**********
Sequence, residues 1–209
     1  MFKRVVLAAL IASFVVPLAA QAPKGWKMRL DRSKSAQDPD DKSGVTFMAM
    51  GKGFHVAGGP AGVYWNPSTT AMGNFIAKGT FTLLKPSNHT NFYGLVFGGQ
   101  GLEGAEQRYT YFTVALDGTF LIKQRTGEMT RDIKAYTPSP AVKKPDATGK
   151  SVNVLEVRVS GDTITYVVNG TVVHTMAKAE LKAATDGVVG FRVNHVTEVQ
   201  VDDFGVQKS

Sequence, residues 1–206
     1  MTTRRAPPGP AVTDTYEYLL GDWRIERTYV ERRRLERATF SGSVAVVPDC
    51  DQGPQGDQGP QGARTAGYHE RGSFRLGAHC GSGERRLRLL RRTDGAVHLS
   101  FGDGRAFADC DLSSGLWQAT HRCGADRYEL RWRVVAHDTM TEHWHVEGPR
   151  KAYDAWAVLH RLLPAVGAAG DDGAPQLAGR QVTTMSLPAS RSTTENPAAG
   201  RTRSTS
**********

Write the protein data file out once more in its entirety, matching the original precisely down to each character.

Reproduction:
Sequence, residues 1–209
     1  MFKRVVLAAL IASFVVPLAA QAPKGWKMRL DRSKSAQDPD DKSGVTFMAM
    51  GKGFHVAGGP AGVYWNPSTT AMGNFIAKGT FTLLKPSNHT NFYGLVFGGQ
   101  GLEGAEQRYT YFTVALDGTF LIKQRTGEMT RDIKAYTPSP AVKKPDATGK
   151  SVNVLEVRVS GDTITYVVNG TVVHTMAKAE LKAATDGVVG FRVNHVTEVQ
   201  VDDFGVQKS

Sequence, residues 1–206
     1  MTTRRAPPGP AVTDTYEYLL GDWRIERTYV ERRRLERATF SGSVAVVPDC
    51  DQGPQGDQGP QGARTAGYHE RGSFRLGAHC GSGERRLRLL RRTDGAVHLS
   101  FGDGRAFADC DLSSGLWQAT HRCGADRYEL RWRVVAHDTM TEHWHVEGPR
   151  KAYDAWAVLH RLLPAVGAAG DDGAPQLAGR QVTTMSLPAS RSTTENPAAG
   201  RTRSTS